Friday, August 18, 2006

The Cow

Remember the cow?

The cow is officially birthed!!

I am in the finishing stages of editing and I only have to put together the bibliography.

It was a painful paper to write, which is why it took so long.

It moved me to a final assessment of Ralph Waldo Emerson's contribution to Unitarianism as a fatal blow to the 19th century religion that I know and love through Channing, Ware and Clarke.
I had known this for a long time, but it wasn't until I studied it deeply this summer that I could see that RWE's total failure to develop a doctrine of the church along with his doctrine of the self would eventually kill classical Unitarianism. It's not his fault; he resonated with a lot of people and they beatified him and became Emersonians who called themselves Unitarians. They became the majority among us.
Unitarians were devoted to disciplined self-culture. Emerson, by the time of his 1838 "Human Culture" lectures, had given up the idea of discipline as the means to moral progress.

It's too complex to go into here, but I've learned two things:

1. My blogging is very much like RWE's journaling. I do it every day to talk to myself, but I'm lucky in that I have you out there to talk back, and he didn't have that.
2. I believe in my claim that, in the most recent iteration of the UU Principles, with their failure to refer in any way to a transcendent Source of love, their failur to mention love at all, and their entirely humanistic, horizontal orientation, classical Unitarianism literally, officially and irretrievably flat-lined in the 1980s.

There's a LOT more to say, and I will be happy to share my paper with those who want to see it. I think I will be, anyway.


Blogger Joel Monka said...

I would be very grateful to be allowed to see it- the subject interests me deeply, and you, unlike many church scholars, can write!

Blogger fausto said...

In fairness to RWE, he tried to leave us. He resigned his pastorate and took to calling himself a Transcendentalist, not a Unitarian. It wasn't that he failed to develop a doctrine of the church; it was that he found no useful role for the church in the intensely individual form of spirituality that he followed and spoke of. It was we ourselves who dragged him back, over his dead body as it were.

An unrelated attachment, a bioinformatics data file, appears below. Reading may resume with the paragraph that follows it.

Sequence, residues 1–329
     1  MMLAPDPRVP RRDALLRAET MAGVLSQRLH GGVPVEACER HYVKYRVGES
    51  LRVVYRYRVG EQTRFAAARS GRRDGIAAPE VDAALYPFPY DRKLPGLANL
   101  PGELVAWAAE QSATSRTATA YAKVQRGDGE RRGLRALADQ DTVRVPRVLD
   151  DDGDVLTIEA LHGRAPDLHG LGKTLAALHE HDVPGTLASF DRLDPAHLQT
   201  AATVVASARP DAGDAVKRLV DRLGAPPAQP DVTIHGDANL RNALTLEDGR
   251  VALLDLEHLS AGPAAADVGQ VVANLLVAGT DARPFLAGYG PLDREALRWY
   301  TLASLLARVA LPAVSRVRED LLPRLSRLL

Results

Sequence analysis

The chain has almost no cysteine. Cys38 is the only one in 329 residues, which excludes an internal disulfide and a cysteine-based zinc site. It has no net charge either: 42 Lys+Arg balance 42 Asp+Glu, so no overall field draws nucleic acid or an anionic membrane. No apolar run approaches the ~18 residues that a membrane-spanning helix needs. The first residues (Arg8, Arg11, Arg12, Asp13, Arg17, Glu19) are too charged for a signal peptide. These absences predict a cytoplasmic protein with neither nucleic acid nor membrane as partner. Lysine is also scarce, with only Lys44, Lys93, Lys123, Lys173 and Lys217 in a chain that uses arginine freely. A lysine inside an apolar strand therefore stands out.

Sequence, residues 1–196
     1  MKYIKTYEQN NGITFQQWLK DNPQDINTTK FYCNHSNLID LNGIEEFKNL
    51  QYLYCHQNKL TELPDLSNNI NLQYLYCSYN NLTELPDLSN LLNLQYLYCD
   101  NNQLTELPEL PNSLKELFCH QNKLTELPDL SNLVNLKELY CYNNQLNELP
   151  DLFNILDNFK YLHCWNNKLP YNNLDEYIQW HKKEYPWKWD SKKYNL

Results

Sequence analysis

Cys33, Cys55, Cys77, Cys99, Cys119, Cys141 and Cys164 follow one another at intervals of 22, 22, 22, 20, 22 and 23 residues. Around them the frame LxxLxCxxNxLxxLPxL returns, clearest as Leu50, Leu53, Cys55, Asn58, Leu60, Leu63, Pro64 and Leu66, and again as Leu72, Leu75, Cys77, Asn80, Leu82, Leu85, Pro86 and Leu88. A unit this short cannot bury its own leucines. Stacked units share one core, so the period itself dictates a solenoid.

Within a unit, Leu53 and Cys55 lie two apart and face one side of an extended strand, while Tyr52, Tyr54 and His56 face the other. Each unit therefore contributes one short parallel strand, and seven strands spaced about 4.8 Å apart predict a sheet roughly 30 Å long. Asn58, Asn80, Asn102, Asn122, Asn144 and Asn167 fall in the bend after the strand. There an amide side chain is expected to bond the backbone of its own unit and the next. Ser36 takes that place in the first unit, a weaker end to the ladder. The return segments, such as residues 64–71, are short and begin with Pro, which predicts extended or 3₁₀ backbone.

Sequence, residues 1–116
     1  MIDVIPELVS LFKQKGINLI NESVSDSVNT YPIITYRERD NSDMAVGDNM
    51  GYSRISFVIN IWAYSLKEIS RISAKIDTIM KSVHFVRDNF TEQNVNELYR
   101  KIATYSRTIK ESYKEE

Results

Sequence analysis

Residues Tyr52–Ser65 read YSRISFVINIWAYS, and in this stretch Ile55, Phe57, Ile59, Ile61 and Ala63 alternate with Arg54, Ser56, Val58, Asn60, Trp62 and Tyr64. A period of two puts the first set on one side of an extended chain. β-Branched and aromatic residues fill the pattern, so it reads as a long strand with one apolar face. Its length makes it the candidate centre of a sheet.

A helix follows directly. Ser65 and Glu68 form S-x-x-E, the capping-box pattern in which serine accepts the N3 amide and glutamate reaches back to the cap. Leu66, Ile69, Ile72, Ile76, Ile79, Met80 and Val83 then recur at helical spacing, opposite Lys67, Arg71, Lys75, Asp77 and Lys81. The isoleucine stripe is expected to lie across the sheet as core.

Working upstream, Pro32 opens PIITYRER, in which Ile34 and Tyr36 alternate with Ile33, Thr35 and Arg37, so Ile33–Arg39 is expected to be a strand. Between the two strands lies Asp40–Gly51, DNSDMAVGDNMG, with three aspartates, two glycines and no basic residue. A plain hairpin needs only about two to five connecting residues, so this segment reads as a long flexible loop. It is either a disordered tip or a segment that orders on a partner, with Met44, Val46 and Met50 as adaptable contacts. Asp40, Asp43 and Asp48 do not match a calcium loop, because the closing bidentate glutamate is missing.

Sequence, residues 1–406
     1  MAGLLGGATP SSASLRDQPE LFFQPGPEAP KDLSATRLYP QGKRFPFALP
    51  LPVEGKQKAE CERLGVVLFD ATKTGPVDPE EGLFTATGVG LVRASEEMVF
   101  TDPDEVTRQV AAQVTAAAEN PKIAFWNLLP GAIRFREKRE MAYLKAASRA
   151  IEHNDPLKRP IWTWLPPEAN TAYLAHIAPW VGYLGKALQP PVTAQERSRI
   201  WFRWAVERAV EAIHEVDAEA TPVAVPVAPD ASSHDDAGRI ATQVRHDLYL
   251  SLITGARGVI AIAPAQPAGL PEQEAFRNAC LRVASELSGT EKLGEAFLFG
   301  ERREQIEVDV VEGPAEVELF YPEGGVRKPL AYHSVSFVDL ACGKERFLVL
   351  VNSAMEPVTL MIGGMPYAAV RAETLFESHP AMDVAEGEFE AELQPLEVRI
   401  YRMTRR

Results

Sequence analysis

I'd love to meet the cow sometime.

Blogger PeaceBang said...

We dragged him back and canonized him!!

You two can meet the cow if you PROMISE to be constructive in your criticism, especially in my slap-dash treatment of the Universalist side of things (for which BITB should spank me, and will, but I'm writing for a prof who doesn't know much about either U, so I had to be kind of elementary in some points)

Blogger Bill Baar said...

count me in...I'd like to read it..

somehow thought, it seems hard to hang something that happened in the 1980s on RWE.

Blogger LaReinaCobre said...

I like fausto's point.

If there had been a church of Transcendentalism I'd probably have joined that first.

Blogger Ole said...

Count me in, too, please.

Blogger revel said...

If it lives in one of us, it lives still; when we speak the truth of what we have seen, and what we think we know, the Source lives, moves, breathes... in us.

Blogger Jordan Stratford+ said...

I don't think I've ever asked a woman this, but...

Can I please see your butt-cow?

Blogger Roger Kuhrt, PhD said...

PB--send me the Cow (butt and all) I will attempt to find the filets and will treat the rest with respect.

Cheerfully, RK

Blogger marker said...

I would like to read your paper also. The Transcendentalists have been an interest of mine since undergrad. It's probably how I got to UU. Thanks for offering!

Blogger Greg said...

Can I see the cow too?

Blogger Ron said...

Rambling thoughts: the theology aside, which I suspect from glimpses you are right on target about (and reminds me I need to help get out to wider circulation Carl Scovel's essay of a few years ago "Beyond Channing and Church"), your mention of journaling and RWE reminded me of a truly wonderful essay on RWE's essays by that truly great contemporary essayist William Gass. It is in his collection Habitations of the Word.


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